Acute Myeloid Leukemia: Evolving Perspectives on Testing, Targeted Therapies, and Transplantation - Episode 10
Harry P. Erba, MD, PhD: I want to use that as a quick segue away from FLT3, and now talk about combinations. Eunice, I am going to turn to you for that. What do you think about the data presented from The University of Texas MD Anderson Cancer Center of gilteritinib with venetoclax, trying to combine both of these targeted approaches?
Eunice S. Wang, MD: This trial was also led by Sasha, and it was the dose-expansion cohort of a phase 1 study where they initially looked at the tolerability and safety, and they are now looking at the efficacy in patients with relapsed/refractory disease. A small proportion of those patients who had gone on study had failed either venetoclax alone or gilteritinib alone: about 20% of patients. The fact that you could have response rates well over 80% looking at CR [complete response], Cri [CR with incomplete count recovery], and CRh [complete response with partial hematologic recovery] in those individuals with the combination of venetoclax and gilteritinib was highly promising. This is something. Some of us are so impressed with these results that we are starting to consider using that combination in the off-label setting for patients with FLT3-mutant disease that has recurred or come back particularly after a venetoclax-azacitidine treatment. Even though Sasha says that would be his preferred regimen at the time of recurrence with FLT3-mutant disease, instead of just using the gilteritinib alone, we are continuing with the venetoclax as well.
That approach looks very promising for a few reasons. No. 1, it overcomes different mechanisms of resistance. As you know, you can get resistance developing to gilteritinib primarily through RAS mutations, and you can get resistance to venetoclax based on the development of FLT3 mutations. Combining the 2 seems to make a lot of sense from a biological point of view, and it overcomes cross-mechanisms of resistance. Patients also like it because it is a completely oral regimen. We have to say that the tolerability and dosing to minimize myelosuppression while preserving extremely high response rate is an attractive option, mostly because the patients who have gone on a bunch of therapy with either the VIALE-A trial or azacitidine-based therapy are usually unfit patients. These are not patients whom you would be asking to undergo a salvage treatment with MEC [mitoxantrone, etoposide, cytarabine] or FLAG [fludarabine, high-dose cytarabine, GCSF]. That combination is extremely promising. I know there is discussion about potentially moving that to the up-front setting and exploring that in a triplet regimen. That also suggests that it is feasible to give dual targeted therapy, which is also an important concept. Most of the combinatory studies at 2020 ASH [American Society of Hematology] Annual Meeting were combinations; for example, venetoclax with low-dose chemotherapy, venetoclax with high-dose chemotherapy, and venetoclax with a TKI [tyrosine kinase inhibitor]. The fact that we can combine venetoclax with a targeted TKI is valuable information, and it is very promising.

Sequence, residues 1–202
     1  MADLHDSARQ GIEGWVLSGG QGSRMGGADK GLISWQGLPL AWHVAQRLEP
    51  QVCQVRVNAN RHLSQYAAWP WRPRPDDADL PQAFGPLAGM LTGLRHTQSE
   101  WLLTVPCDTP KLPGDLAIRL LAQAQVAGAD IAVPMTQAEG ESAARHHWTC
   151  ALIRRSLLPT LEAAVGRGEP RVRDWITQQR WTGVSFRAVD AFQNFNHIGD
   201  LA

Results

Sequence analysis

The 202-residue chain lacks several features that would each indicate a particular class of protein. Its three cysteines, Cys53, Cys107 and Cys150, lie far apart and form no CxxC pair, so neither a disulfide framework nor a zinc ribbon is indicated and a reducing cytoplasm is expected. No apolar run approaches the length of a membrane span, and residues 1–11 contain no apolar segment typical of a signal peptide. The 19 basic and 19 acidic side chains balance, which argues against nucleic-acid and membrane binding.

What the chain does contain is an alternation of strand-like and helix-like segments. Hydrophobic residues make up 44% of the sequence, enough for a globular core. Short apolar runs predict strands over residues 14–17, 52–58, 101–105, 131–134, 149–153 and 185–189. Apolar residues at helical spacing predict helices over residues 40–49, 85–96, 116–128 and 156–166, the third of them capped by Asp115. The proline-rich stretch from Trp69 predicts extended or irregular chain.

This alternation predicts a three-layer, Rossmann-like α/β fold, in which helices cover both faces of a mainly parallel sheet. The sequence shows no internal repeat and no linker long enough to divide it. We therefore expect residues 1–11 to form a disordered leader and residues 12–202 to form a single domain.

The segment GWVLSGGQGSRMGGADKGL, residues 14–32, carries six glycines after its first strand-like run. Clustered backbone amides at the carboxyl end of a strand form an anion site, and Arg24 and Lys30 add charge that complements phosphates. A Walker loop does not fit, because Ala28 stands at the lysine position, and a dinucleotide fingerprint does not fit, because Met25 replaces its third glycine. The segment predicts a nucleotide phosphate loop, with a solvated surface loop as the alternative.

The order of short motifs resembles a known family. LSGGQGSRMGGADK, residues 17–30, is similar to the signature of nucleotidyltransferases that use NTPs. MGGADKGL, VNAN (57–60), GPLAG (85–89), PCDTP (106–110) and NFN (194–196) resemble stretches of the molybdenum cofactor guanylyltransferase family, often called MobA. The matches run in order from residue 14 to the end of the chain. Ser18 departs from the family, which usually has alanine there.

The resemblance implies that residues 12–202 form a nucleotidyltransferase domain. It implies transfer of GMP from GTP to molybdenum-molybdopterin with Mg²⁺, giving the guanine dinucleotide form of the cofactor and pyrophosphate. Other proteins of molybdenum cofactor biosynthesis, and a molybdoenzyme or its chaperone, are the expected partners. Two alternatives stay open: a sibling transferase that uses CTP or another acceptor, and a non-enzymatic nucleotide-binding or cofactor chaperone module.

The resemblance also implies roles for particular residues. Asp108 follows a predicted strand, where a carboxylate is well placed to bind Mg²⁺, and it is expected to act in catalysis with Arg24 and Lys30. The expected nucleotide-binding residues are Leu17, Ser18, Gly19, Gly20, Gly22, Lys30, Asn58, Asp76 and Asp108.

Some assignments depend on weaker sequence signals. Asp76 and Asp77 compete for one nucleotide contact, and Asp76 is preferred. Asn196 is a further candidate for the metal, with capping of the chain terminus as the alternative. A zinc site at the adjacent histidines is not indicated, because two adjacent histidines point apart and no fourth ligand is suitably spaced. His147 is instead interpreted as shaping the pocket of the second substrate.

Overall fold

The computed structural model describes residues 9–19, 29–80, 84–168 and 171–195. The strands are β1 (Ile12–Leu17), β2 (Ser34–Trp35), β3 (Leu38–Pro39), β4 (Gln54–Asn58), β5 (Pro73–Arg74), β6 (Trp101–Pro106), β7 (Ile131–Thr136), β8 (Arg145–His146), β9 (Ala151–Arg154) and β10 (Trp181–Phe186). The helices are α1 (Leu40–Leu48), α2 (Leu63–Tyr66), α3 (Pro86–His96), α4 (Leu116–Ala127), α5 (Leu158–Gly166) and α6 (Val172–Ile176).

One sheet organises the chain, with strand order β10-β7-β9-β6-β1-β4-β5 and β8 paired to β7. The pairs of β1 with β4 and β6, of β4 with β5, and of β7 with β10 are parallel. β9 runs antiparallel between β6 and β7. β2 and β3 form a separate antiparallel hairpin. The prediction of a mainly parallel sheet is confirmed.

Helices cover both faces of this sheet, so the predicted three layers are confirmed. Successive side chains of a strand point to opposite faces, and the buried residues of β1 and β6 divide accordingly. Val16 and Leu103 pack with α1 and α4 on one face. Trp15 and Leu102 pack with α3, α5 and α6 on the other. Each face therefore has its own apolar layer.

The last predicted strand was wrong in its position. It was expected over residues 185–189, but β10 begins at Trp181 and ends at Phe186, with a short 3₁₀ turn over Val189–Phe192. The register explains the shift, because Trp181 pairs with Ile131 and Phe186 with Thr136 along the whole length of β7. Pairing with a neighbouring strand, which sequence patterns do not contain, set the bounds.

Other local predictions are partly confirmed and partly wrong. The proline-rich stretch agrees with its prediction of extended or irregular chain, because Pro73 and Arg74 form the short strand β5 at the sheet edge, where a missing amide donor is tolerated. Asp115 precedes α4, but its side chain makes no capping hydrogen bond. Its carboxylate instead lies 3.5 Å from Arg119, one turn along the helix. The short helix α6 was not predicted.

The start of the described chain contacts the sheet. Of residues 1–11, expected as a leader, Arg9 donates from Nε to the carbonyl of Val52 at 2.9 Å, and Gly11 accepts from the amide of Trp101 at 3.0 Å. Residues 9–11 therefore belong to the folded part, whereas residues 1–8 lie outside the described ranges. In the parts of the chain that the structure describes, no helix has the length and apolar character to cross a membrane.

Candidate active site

Transcript Edited for Clarity